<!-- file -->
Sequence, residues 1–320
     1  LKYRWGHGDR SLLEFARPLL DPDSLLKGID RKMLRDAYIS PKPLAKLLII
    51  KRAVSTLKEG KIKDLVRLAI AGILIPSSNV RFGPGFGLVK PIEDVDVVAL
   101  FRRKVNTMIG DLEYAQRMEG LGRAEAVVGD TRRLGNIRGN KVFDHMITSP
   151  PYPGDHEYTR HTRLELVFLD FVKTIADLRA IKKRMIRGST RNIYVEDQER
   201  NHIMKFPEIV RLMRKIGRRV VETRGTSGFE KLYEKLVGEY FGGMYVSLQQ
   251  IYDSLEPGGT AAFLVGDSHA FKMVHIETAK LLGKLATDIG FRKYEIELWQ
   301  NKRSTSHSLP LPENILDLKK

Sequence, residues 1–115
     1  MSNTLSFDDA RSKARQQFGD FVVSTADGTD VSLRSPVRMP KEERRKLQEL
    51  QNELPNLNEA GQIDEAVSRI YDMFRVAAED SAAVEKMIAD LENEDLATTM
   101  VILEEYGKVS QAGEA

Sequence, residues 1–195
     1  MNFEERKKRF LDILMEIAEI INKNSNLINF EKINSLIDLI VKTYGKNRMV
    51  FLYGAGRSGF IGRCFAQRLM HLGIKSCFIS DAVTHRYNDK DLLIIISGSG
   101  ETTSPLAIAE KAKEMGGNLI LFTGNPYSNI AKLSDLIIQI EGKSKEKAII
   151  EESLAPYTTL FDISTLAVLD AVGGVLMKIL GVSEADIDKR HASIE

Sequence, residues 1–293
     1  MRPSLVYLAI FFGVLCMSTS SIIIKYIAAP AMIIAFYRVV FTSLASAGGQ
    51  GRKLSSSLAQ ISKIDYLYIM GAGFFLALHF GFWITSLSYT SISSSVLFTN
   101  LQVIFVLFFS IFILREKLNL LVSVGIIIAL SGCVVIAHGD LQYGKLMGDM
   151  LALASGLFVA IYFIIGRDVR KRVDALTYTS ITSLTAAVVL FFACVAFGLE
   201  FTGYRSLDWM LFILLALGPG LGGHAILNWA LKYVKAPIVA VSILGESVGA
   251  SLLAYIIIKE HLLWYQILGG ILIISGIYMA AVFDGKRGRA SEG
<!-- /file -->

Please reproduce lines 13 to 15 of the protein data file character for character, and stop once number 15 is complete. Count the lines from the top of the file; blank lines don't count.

Sequence, residues 1–195
     1  MNFEERKKRF LDILMEIAEI INKNSNLINF EKINSLIDLI VKTYGKNRMV
    51  FLYGAGRSGF IGRCFAQRLM HLGIKSCFIS DAVTHRYNDK DLLIIISGSG